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The Official Site of the Toronto Maple Leafs

After the gold rush, a harsh dose of reality -- Part I

by Staff Writer / Toronto Maple Leafs
by John Iaboni

John Iaboni has been covering the Maple Leafs and the NHL for nearly 30 years. For the last 10 years, he has been the managing editor of the team's game day magazine and now you can share his exclusive inside access.

TORONTO -- Thank goodness Pat Quinn is a hard-nosed Irishman capable of dealing with whatever the hockey gods send his way.

When Sweden smoked Team Canada in Game 1 of the Olympic tournament, Quinn took the game as an eye-opener and made the adjustments to coach his country to its first men's hockey gold medal in 50 years.

The toughest decision Quinn had to make involved goaltending. It wasn't easy replacing Curtis Joseph, his main man with the Maple Leafs, with Martin Brodeur and then sticking with the New Jersey Devils' goalie for the rest of the Olympics. But when Brodeur refused to lose, the choice became academic.

It wasn't long after Quinn's return to Toronto that goaltending became of primary concern for the Maple Leafs. First, there were reports of a rift between Quinn and Joseph over the Olympic scenario.

But that barely got off the ground when Joseph injured his hand in the Leafs' first post-Olympic match. The medical report indicates an absence of four to six weeks for Joseph. Suddenly, Quinn was staring at a goaltending dilemma.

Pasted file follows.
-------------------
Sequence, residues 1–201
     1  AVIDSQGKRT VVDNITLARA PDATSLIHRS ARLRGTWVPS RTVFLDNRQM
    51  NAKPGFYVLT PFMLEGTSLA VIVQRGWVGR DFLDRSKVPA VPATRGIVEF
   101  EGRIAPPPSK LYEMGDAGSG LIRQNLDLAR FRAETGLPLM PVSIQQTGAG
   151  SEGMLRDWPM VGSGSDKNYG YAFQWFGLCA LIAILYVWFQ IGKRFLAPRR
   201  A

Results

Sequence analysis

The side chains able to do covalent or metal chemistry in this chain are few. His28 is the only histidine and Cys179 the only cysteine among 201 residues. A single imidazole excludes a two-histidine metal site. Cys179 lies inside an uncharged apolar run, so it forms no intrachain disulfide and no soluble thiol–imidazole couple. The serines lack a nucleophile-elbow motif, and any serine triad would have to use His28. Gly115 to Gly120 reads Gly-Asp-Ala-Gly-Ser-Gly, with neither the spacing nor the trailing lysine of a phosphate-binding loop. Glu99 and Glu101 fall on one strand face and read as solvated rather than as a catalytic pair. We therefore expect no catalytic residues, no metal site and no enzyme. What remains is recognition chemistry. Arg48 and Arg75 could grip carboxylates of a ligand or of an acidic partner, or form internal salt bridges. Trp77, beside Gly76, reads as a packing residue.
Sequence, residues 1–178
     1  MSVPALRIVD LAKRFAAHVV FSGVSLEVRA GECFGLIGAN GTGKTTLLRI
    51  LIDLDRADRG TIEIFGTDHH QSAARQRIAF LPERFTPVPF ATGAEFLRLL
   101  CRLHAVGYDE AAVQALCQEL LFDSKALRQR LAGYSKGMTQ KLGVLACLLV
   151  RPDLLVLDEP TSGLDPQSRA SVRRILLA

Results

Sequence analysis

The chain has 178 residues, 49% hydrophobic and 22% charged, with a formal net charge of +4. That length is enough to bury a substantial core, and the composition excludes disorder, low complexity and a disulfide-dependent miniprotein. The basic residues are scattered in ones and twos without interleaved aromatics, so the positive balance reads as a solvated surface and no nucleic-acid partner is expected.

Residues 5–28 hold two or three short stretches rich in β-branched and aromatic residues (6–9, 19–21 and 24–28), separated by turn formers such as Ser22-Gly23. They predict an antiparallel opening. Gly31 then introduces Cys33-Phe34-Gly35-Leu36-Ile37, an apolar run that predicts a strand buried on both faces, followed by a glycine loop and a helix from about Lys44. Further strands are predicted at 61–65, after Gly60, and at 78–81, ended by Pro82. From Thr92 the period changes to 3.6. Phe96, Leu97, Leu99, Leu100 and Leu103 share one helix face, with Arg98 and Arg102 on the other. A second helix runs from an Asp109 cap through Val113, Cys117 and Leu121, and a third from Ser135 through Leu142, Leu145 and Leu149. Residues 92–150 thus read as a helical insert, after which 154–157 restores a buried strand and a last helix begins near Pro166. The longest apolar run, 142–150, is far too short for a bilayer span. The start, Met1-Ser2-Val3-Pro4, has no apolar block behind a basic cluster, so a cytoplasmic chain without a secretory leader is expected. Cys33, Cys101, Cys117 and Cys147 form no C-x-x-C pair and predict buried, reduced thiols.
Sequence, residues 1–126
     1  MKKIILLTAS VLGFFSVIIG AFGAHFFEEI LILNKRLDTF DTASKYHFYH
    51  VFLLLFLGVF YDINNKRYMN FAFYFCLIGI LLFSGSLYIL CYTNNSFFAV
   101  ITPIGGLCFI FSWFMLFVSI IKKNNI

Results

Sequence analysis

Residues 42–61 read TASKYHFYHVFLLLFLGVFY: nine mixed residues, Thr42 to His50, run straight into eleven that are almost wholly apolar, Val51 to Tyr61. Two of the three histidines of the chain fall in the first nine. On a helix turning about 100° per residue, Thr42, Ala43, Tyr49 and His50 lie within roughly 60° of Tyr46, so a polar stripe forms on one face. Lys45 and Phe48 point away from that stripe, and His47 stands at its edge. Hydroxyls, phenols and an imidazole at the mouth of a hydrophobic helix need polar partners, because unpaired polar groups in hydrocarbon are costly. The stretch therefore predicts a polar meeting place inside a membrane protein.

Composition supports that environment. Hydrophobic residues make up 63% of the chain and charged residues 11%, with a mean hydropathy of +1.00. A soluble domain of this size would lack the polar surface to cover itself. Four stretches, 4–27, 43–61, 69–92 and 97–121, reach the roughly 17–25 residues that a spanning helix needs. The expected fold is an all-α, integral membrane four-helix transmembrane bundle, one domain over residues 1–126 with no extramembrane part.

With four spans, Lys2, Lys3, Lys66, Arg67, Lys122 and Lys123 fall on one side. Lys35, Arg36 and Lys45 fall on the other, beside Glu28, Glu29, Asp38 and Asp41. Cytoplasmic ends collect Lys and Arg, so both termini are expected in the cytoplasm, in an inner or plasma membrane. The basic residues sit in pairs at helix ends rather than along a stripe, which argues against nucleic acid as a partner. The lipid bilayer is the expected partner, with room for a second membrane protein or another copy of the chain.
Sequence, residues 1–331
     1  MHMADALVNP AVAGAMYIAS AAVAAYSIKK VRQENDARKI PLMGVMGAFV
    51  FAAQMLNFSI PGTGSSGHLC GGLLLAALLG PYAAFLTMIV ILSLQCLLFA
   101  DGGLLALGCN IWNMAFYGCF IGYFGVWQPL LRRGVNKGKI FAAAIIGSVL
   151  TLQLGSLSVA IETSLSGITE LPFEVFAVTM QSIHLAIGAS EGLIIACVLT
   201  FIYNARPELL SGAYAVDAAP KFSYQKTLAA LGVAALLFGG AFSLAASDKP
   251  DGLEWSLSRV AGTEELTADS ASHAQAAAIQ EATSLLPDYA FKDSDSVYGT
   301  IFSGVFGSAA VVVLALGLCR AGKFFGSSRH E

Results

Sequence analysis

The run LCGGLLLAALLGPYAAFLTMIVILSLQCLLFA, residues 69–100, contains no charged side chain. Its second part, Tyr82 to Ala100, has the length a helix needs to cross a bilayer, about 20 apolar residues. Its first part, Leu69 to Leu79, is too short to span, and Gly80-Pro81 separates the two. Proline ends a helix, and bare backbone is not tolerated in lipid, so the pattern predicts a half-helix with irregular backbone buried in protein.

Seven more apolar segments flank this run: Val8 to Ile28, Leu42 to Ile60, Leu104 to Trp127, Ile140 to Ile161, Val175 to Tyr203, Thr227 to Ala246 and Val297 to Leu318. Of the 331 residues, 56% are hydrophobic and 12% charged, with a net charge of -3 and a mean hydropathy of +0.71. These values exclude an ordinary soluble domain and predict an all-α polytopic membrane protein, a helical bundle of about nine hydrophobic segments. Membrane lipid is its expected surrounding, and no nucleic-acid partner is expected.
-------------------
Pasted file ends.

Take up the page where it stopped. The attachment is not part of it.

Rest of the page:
Curtis Joseph's injury has caused the Leafs problems.

Quicker than you can say Jeff Hackett-Mike Vernon-Trevor Kidd-Kevin Weekes or any other so-called "available" veteran, the Leafs supposedly were on the verge of making a trade.

However, insiders insist that isn't the Leafs' first priority. In essence, these sources say, the Leafs' Plan A is to leave the goaltending up to backup Corey Schwab and rookie call-up Sebastien Centomo.

If this combo can plug the leak in the dyke and prevail until Joseph returns, then the Leafs will avoid Plan B which is to obtain a veteran goalie, drawing an ample stipend with no guarantee the new acquisition will do any better than either Schwab or Centomo.

Of course, whether the Leafs exercise Plan A or Plan B is left to Schwab and Centomo - and they will be evaluated in a hurry. For his part, Schwab looked at ease in his second start as No. 1 (against the Buffalo Sabres) more than he did in his first (against the Devils the previous night).

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